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Long-Forgotten P-38 Reemerges on Welsh Beach

When Lt. Robert F. Elliott pulled his P-38F Lightning into the Welsh sky on September 27, 1942, there was trouble ahead. The plane itself wasn’t the problem; his aircraft, a twin-boomed fighter that would become one of the most lethal weapons of World War II, was in pristine condition. It had rolled off the manufacturing line in Burbank only a year before. From California, it had been shuttled to Wales, where it joined the U.S. Army Air Forces’ 14th Fighter Group in the first fighter sweeps over the occupied Low Countries.

Unfortunately Elliott, who was towing a target sleeve for gunnery practice, forgot to switch from the reserve fuel tank to the main tank after takeoff—standard practice in the P-38. About an hour later, his left engine sputtered. Elliott feathered the prop and tried to return to the airfield, swinging out over the ocean to line up for landing. He was at eight hundred feet when the right engine failed. Elliott attempted to reach the beach, but came up just short, and the plane skidded to a halt in two feet of water. He walked away from the crash, and a team was sent out to recover the plane’s guns. The squadron engineering officer recommended the rest of the aircraft be salvaged.

Instead, Elliott’s Lightning was forgotten. Slipping through a wartime bureaucratic crack, it was never retrieved. British beaches were closed during the war, so the mistake went undiscovered. For years, the aircraft lay in the surf, slowly settling into the sand.

Until last summer, that is, when a Welsh man wading just off the beach in the Irish Sea bumped into the plane’s wing, which had emerged in the shallow water. A local aviation enthusiast tipped off Richard Gillespie, executive director of the Delaware-based International Group for Historic Aircraft Recovery, who mobilized his team, expecting to find a hollowed-out wreck. Instead, walking into the water for the first time in October, Gillespie was shocked to discover a remarkably well-preserved aircraft—one that was almost completely intact. The plane still had some of its original paint. Its fuel tanks were full. Just as incredibly, it kept disappearing with the tide. “It’s like the mythical Scottish village of Brigadoon,” he says. “Literally, one minute it’s there, and the next minute, whoosh, it’s gone.” Worried about looters, Gillespie marked the spot with GPS and swore those who knew its location to secrecy. Since his last visit, the plane has slipped beneath the sand again.

Gillespie is now grappling with the challenges of recovering what he considers a historic artifact—probably, he says, the oldest remaining combat veteran of its kind. And its discovery has sparked an excited debate in the restoration community about how it has survived for so long in such adverse conditions. “It’s in what you’d expect to be a worst-case scenario,” says Gillespie—lying in shallow salt water for more than sixty years. And yet the plane is relatively undamaged. For restoration experts, it is a discovery with potentially broad applications: early World War II–era planes have held up far better over the years than those manufactured later in the war, largely because the pressures of wartime production allowed more impurities into the metal. Elliott’s P-38 may provide insight into exactly how metals can survive the elements—and how they can be better preserved.

The plane’s pilot, sadly, will not get to play a role. Less than a month after the crash, Elliott was transferred south, along with the rest of the 14th Fighter Group, where he flew missions in support of the invasion of North Africa. He disappeared in December 1942 after his flight was bounced by a squadron of German fighters. His body was never found.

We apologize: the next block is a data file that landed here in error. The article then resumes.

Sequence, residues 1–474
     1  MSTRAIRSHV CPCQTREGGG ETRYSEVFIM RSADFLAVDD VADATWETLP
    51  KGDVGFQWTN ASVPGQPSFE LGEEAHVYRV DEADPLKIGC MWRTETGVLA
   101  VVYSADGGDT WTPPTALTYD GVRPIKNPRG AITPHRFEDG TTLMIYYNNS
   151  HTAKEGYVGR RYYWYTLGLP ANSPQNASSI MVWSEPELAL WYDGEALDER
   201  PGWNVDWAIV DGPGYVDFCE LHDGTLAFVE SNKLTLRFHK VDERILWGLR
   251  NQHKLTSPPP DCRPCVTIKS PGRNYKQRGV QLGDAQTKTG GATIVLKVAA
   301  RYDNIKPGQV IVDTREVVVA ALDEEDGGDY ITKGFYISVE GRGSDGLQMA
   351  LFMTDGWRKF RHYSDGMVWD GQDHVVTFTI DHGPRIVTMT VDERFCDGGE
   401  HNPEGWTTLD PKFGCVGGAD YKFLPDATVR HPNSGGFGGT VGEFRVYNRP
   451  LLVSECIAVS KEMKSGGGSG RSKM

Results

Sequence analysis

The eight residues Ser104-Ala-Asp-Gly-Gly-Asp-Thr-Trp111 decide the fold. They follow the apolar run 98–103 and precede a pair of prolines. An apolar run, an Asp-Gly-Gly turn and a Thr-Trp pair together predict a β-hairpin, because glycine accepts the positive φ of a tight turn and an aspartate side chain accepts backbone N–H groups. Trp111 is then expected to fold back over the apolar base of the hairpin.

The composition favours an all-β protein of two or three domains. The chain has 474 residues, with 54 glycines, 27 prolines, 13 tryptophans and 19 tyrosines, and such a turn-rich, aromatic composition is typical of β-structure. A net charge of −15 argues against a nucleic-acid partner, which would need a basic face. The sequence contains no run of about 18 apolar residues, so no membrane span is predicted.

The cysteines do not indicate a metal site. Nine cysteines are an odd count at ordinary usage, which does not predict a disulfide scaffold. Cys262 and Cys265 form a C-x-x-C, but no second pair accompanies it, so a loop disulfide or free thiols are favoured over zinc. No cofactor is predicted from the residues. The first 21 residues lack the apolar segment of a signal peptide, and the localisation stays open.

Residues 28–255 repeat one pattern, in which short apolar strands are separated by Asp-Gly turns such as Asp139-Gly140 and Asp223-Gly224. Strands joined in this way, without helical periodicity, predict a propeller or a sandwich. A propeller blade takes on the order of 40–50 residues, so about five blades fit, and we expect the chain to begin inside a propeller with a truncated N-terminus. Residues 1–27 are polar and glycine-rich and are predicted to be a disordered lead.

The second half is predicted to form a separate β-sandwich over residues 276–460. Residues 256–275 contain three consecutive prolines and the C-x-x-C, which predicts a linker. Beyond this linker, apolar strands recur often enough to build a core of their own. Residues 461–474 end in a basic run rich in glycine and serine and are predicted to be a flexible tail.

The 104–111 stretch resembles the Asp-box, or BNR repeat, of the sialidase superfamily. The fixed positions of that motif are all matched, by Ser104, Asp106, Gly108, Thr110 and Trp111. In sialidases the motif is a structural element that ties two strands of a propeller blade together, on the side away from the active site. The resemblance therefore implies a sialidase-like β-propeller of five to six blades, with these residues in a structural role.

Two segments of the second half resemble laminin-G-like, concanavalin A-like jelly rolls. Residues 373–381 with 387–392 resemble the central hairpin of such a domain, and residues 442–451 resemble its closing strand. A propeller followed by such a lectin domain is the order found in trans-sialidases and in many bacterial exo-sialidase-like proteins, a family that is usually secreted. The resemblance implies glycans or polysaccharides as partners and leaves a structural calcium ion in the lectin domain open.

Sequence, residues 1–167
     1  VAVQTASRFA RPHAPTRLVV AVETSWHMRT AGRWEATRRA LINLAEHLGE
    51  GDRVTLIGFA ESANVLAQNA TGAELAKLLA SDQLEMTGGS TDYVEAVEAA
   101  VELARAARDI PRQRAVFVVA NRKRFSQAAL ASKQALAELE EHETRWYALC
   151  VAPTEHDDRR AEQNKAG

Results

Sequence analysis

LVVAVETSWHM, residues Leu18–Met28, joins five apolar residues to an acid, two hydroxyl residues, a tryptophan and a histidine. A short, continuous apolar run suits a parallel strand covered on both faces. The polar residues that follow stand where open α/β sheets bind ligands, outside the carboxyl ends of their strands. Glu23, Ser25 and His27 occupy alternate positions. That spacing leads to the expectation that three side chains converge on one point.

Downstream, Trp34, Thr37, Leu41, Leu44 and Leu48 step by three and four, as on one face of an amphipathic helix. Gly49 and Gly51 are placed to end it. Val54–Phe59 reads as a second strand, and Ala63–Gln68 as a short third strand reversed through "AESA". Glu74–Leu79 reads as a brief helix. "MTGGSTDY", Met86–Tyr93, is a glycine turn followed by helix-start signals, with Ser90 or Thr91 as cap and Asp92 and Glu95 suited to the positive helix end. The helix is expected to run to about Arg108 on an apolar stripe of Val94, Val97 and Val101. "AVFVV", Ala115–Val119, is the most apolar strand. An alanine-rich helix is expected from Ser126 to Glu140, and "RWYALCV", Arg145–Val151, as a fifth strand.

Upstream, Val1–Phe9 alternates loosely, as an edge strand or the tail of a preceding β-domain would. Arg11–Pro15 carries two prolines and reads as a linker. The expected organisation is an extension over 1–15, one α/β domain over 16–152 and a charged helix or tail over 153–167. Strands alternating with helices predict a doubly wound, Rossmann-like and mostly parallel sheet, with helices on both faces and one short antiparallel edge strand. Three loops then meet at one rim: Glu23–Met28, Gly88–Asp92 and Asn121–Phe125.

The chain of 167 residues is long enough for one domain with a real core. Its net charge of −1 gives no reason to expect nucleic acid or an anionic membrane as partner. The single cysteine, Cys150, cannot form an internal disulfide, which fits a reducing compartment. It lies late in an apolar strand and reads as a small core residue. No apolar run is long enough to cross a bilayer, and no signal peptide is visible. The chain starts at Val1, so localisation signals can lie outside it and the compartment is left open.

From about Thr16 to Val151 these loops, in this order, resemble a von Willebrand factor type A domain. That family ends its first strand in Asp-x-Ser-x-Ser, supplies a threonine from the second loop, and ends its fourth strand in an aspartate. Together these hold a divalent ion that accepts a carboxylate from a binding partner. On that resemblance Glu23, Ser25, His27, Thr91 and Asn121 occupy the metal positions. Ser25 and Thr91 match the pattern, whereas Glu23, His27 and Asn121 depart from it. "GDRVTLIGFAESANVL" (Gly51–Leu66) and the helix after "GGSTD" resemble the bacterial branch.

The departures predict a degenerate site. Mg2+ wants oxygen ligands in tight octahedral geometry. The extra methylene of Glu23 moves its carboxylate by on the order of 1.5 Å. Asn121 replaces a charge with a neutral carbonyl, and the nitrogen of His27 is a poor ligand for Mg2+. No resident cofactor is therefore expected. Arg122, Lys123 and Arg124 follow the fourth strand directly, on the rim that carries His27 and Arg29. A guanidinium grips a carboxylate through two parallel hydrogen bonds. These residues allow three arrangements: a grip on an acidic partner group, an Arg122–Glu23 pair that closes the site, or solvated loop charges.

Gillespie is in talks with several British museums that have expressed interest in the plane Elliott left behind. He hopes to pull the Lightning out of the water later this year. To help support the effort, TIGHAR, his organization, is allowing donors to give money in the name of a World War II veteran of their choice. Those names will be inscribed on a plaque that will accompany the aircraft when it finally emerges again from the Irish Sea. Information on how to contribute can be found at

French Political Leader Charged with Holocaust Denial

Jean-Marie Le Pen, the leader of the French far right party and a one-time candidate for the French presidency, went on trial this winter for violating France’s strict legislation against Holocaust denial. Le Pen was prosecuted for downplaying the suffering of French Jews during World War II in a 2005 newspaper interview. “In France at least,” he told his interviewer, “the German occupation was not especially inhumane, even if there were a number of excesses— inevitable in a country of 550,000 square kilometers.” More than seventy thousand French Jews were deported to concentration camps during Nazi occupation, and thousands of civilians were killed by the German army.

Le Pen—whose party, the National Front, was at one time the third largest political party in France—has been previously convicted of Holocaust denial. He was fined 1.2 million francs (about $270,000) in 1987 for referring to the Nazi gas chambers as “a point of detail of the Second World War.”

In the 2005 interview, Le Pen also implied that historians have exaggerated Nazi violence against non-Jews as well. “If the Germans had carried out mass executions across the country as the received wisdom would have it,” he said, “then there wouldn’t have been any need for concentration camps for political deportees.” He also seemed to excuse the German army for a 1944 massacre in the village of Villeneuve d’Ascq, where eighty-six villagers were executed after a resistance attack on a railroad line. Le Pen said the killings were caused by a German lieutenant who was “mad with rage” over his friends’ deaths in the attack. He credited the Gestapo for putting a stop to the murders.

If convicted, Le Pen faces another fine, a one-year prison term, and a possible ban from holding elective office. At seventy-nine, some experts think he may be close to retirement anyway. Le Pen’s party is millions of dollars in debt and has seen its popularity steadily decline since the 2002 presidential election, when he lost in a runoff to Jacques Chirac. In elections last summer, the National Front did not receive the 5 percent of the vote it needed to receive state funding.